By now, many of us, if not most of us, have heard of the marshmallow experiment. Here is a brief summary from an earlier post I wrote about it:
You may be familiar with the famous Stanford Marshmallow Experiment, which was a series of studies on delayed gratification in the late 1960s and early 1970s led by psychologist Walter Mischel, then a professor at Stanford University. In these studies, a child was offered a choice between one small reward provided immediately or two small rewards if they waited for a short period, approximately 15 minutes, during which the tester left the room and then returned. (The reward was sometimes a marshmallow, but often a cookie or a pretzel.) In follow-up studies, the researchers found that children who were able to wait longer for the preferred rewards tended to have better life outcomes, as measured by SAT scores, educational attainment, body mass index (BMI), and other life measures. (Wikipedia)
There is even a video depicting what the experiment was like:
A later study found limited support for the idea that being able to delay gratification leads to better outcomes. Instead, it suggests that the capacity to hold out for a second marshmallow is shaped in large part by a child’s social and economic background—and, in turn, that that background, not the ability to delay gratification, is what’s behind kids’ long-term success.
But the most recent marshmallow experiment looks at the role of cooperation in people’s behavior.
Conducted at the Max Planck Institute for Evolutionary Anthropology, researchers paired 200 youngsters ages five and six years old. To account for cultural influences, a mix of participants from Germany and from the Kikuyu tribe of Kenya were involved in the experiment.
The children first played a short balloon toss game to get comfortable with their peer in the testing environment. Then each partner went to a separate room with a cookie placed tantalizingly in front of them. Some participants acted as a control group. Like the children in the original marshmallow experiment, they were solo operators, needing only to manage their own impulses.
For the children paired with other children, a mysterious cooperation and trust came into play. Each child could receive the second treat only if both children waited. But delayed gratification was riskier in this setting, because each child had to depend on their partner as well as themselves. And during the test, they were not able to communicate or interact with their partner. The authors describe this as the “interdependence condition.”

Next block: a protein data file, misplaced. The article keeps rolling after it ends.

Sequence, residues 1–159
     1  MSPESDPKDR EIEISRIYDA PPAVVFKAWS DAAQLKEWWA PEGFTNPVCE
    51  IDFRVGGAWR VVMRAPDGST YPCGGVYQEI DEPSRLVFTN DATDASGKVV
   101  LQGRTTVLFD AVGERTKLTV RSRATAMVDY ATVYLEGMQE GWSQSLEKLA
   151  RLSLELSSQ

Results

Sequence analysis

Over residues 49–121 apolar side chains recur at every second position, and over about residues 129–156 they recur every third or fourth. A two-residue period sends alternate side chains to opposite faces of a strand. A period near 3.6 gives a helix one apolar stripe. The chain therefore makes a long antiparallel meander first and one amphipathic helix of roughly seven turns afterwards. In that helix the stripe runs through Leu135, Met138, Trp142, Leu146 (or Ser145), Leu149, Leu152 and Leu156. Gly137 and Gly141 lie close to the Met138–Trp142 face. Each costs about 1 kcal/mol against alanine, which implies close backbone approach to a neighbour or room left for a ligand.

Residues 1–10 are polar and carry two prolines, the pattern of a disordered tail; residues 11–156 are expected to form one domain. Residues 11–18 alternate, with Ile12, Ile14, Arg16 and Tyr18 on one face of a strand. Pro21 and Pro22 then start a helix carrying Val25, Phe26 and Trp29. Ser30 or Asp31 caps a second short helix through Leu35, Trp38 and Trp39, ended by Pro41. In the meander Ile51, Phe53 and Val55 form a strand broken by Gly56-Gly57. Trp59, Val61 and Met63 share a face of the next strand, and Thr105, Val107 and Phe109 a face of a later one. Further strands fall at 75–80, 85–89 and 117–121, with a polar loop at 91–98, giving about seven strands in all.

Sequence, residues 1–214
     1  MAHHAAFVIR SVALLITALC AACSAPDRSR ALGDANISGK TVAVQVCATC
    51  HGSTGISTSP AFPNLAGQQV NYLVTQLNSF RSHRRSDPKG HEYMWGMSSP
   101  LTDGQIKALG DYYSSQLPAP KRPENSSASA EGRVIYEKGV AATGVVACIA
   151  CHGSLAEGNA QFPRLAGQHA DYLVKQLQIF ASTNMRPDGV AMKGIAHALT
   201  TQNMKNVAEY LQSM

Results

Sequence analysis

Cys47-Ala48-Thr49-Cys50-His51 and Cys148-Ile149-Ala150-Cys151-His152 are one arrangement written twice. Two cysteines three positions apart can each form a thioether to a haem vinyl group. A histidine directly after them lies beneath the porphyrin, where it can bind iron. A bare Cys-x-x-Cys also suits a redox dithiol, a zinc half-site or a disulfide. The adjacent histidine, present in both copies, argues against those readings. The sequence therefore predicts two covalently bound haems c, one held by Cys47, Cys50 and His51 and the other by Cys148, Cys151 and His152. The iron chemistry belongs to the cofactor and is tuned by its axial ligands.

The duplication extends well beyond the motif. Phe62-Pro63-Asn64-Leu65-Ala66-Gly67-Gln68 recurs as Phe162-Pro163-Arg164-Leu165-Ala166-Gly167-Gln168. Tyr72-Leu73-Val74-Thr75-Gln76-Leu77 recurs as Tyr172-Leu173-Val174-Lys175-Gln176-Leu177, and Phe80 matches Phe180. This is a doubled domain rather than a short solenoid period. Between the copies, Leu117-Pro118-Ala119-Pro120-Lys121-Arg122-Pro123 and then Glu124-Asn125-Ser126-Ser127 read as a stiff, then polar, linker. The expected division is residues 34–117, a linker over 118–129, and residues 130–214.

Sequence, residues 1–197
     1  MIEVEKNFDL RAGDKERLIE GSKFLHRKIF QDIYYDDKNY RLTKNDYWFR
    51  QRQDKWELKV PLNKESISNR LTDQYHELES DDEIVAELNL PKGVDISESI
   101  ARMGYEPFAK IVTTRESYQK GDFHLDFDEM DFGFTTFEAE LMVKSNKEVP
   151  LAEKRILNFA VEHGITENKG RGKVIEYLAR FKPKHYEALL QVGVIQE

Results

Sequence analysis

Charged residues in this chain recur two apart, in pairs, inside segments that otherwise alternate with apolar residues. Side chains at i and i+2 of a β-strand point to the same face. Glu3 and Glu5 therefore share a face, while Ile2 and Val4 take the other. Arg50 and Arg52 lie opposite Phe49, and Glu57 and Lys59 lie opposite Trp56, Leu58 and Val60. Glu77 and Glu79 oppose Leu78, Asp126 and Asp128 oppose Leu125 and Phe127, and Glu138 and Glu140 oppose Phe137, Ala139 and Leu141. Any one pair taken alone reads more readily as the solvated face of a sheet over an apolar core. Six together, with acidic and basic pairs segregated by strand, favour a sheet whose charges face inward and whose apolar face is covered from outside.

Many more children were willing to delay gratification for the sake of a partner than for themselves alone when the interdependence condition came into play.
“The fact that we obtained these findings even though children could not see or communicate with each other attests to the strong motivational consequences that simply being in a cooperative context has for children from early on in development,” says Sebastian Grueneisen, a researcher with the institute, in a statement.
The research team believes the results show that children from a young age have a sense of social obligation toward others.
“In this study, children may have been motivated to delay gratification because they felt they shouldn’t let their partner down,” adds Rebecca Koomen, a researcher with the institute. “And that if they did, their partner would have had the right to hold them accountable.”
Even early on, children seem to understand that each of us is accountable to another. Indications are that cooperation wins over individuality when it comes to delayed gratification.
If children are aware of the value of cooperation at such a young age, at what point does such behavior change, and why?